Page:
Speed Does Not Cause Accidents





Speed Does Not Cause Accidents

I attempted to perform extensive research on road traffic accidents. With regard on my findings, I was able to establish that when considering speed, the vehicle is not the cause element of the accident; rather it is the driver controlling that vehicle. Vehicles are normally developed to conform to particular standards such as the speed limit in numerous countries. Currently, companies are required by law to engineer vehicles that adhere to safety standards. Hence, with the help of computers and extensive research, manufactures have been able to produce safe and easy to drive vehicles (Chin, 16). The most cited areas of improvement include efficient braking systems, tires, steering and suspension. Therefore, with these strict rules and technological breakthroughs, it would be correct to say that accidents are often caused by human error rather than speed.

Take for example the speed limit in a country such as America. Traffic engineers in conjunction with the government usually employ a two fold criteria when establishing the specified speed limit. One is the human perception and time taken to react, and the second is the after perception and reaction phase; to achieve the necessary action of avoiding a collision by either swerving or stopping (Haglund, 27). The action and reaction of motorists on their expectations and experience on what they perceive other motorists are about to do. In other words, driving decisions are made with regard to what drivers perceive of other motorists. For example, when a driver intends to cross to the other side of the road, he is going to base his judgment on previous experiences and what he expects of the speed limit in force in that particular area.

If this approaching vehicle is at a distance that prompts the drivers experience to advice on crossing, he will then proceed on and cross the road. Now take a situation whereby the approaching vehicle is going at 100 miles per hour instead of the prescribed 30 miles per hour. In this case, the speed limit was established at this road section to limit vehicles at thirty miles per hour, and the driver about to cross puts this into consideration therefore proceeding on to cross. At the extreme, this .would leads to a fatal accident between the two vehicles. In this case, the speed limit was established to make the transportation system safer, but its perception has led to the wrong direction.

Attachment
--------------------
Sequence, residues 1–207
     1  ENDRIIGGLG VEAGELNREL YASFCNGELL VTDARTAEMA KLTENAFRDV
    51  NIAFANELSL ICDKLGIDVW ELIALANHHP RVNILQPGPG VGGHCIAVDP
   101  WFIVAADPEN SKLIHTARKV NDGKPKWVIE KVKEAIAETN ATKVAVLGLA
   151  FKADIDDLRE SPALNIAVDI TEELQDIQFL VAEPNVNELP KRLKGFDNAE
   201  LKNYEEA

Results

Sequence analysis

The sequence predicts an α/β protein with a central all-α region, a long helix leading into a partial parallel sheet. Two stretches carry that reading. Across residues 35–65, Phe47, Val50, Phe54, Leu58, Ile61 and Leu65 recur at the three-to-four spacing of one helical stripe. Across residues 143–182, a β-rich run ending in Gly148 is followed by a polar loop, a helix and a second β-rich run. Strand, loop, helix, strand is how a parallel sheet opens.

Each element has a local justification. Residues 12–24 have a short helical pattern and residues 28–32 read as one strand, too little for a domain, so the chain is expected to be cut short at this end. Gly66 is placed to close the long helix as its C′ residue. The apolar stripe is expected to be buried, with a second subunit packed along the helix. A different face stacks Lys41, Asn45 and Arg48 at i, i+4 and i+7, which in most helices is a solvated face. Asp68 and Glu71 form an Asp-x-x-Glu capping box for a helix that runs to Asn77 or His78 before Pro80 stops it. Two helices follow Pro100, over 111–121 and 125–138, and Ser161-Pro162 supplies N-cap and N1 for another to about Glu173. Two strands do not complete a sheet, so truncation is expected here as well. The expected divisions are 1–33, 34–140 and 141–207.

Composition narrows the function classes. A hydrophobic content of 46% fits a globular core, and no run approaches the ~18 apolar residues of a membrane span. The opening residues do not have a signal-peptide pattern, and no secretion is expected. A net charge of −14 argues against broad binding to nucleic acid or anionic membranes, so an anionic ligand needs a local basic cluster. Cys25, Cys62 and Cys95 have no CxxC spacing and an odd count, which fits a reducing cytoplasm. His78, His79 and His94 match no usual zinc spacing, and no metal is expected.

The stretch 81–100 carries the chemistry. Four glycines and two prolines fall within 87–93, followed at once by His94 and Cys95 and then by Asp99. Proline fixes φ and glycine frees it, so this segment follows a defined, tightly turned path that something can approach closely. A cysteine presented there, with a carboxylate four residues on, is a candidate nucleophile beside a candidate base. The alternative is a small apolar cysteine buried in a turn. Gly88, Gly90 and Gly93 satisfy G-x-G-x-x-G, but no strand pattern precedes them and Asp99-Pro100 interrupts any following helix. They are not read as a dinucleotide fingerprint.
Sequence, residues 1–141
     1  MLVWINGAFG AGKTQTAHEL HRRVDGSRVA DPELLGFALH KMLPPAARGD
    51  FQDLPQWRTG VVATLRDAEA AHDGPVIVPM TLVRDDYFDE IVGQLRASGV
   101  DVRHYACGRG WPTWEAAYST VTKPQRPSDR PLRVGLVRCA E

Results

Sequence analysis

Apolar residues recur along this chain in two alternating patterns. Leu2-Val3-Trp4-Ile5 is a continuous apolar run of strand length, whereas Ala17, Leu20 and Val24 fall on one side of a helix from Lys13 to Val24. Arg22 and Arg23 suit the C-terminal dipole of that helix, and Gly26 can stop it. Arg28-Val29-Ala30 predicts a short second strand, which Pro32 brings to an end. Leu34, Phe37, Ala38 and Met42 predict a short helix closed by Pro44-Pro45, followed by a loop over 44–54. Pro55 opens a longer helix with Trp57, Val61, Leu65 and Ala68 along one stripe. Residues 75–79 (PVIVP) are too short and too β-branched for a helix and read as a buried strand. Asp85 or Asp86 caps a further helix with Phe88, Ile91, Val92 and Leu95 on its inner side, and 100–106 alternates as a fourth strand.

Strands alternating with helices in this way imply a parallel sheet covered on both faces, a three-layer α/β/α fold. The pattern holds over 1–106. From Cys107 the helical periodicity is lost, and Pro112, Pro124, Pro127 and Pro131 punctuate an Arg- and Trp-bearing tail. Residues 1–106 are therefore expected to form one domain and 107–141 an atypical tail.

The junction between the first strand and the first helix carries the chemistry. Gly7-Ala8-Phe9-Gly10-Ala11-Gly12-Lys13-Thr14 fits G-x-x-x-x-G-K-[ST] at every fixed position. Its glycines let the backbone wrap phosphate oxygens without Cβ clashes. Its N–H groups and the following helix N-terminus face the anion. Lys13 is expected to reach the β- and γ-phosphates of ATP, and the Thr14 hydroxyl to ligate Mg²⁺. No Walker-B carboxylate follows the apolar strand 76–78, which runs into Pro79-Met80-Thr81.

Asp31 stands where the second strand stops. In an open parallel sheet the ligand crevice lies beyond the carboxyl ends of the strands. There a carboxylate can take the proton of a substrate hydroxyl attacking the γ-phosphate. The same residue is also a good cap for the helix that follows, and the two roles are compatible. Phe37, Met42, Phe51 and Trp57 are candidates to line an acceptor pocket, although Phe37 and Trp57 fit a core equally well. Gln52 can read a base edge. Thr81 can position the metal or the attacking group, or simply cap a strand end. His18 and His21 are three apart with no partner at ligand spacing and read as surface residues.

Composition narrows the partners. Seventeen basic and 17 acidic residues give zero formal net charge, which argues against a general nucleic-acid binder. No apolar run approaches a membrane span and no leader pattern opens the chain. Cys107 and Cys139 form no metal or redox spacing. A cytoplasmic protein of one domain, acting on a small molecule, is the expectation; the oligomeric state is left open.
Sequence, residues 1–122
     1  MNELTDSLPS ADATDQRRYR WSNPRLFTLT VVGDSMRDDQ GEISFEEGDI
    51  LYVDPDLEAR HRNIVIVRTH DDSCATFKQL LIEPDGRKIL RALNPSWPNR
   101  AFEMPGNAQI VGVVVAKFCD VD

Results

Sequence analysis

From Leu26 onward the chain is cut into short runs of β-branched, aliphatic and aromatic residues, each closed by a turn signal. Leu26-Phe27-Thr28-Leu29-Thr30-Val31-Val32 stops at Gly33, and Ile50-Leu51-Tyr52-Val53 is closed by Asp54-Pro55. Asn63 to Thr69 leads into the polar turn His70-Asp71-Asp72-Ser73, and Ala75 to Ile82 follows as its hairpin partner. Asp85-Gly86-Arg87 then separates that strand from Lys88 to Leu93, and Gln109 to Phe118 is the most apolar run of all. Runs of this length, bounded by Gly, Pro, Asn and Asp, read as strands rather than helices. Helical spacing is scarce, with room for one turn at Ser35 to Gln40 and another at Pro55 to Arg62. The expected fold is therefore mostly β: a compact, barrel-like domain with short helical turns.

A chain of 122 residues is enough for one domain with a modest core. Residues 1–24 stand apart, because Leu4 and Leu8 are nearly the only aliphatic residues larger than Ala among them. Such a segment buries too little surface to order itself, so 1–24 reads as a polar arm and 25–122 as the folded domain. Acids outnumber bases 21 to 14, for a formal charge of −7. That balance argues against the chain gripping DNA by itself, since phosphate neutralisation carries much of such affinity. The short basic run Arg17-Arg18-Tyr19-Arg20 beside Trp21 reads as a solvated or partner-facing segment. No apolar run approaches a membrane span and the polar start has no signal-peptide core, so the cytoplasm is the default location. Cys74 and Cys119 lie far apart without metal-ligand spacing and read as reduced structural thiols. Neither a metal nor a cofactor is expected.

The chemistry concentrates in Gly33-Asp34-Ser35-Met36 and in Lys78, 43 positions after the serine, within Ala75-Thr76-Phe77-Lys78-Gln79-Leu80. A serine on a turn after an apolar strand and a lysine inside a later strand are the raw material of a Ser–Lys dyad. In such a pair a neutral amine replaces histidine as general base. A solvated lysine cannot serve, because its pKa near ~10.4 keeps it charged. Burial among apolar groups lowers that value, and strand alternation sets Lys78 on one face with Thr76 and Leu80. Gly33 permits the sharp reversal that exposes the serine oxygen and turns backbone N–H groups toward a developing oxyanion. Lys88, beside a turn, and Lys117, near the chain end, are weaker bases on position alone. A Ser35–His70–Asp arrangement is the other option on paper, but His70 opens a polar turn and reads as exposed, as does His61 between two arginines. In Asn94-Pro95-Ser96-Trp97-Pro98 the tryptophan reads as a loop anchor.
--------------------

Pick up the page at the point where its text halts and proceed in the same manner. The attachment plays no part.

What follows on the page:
Therefore, it would be correct to say that speed limits are based on a human’s average perception and reaction time in relation o the speed of an approaching or moving object, and the way an average motorist would perceive and react to other road users. Hence, the perception and capabilities of the human should be considered cause factor of the collision, rather than the condition of the vehicle (McKnight, 18). The modern vehicle may have undergone tremendous improvement, but the perception and capabilities on traffic rules and other road users is still same.

However, it is correct to attribute recklessness, poor driving skills, criminal behavior such as speeding, and negligence to certain accidents and collisions. However, speed limits cannot be established in consideration to how excellent the braking system of a car is, or how efficient the steering and suspension is, but on the qualities of the average motorist (Trier, 45). Currently, in contrast to previous times when speed limits were being established, traffic has become denser and the distance between vehicles/ pedestrians has shortened.  In these particular cases, traffic rules such as traffic lights and strict speed limits have been established to govern proceedings in the transport system. In my belief, the considerations have been implemented for the purpose of making roads much safer. However, how individuals perceive these rules as well actions of other road users has had significant impact of steering us in the wrong direction.


Works Cited

Chin, H C. “The Practice of Road Safety Audits.” Urban Transport Viii. 2002: 763-774. Print.

Haglund, Mats, and Lars Åberg. “Speed Choice in Relation to Speed Limit and Influences from Other Drivers.” Transportation Research. Part F, Traffic Psychology and Behaviour. 2000. Print.

McKnight, A J, Diane B. Katz, and Gerry A. Simone. Integrated Safe Driving Information System Development.Washington, D.C: The Administration, 2001. Print.

Trier, H, and G Heuser. “Development of Safe Road Transport Informatic Systems.” Advanced Vehicles and Infrastructure Systems. 2004. Print.

Wang, Hui, Patrick Hasson, and Mac Lister. “Safer Roads Thanks to Its.” Public Roads. 65.6 2002: 14-18. Print.


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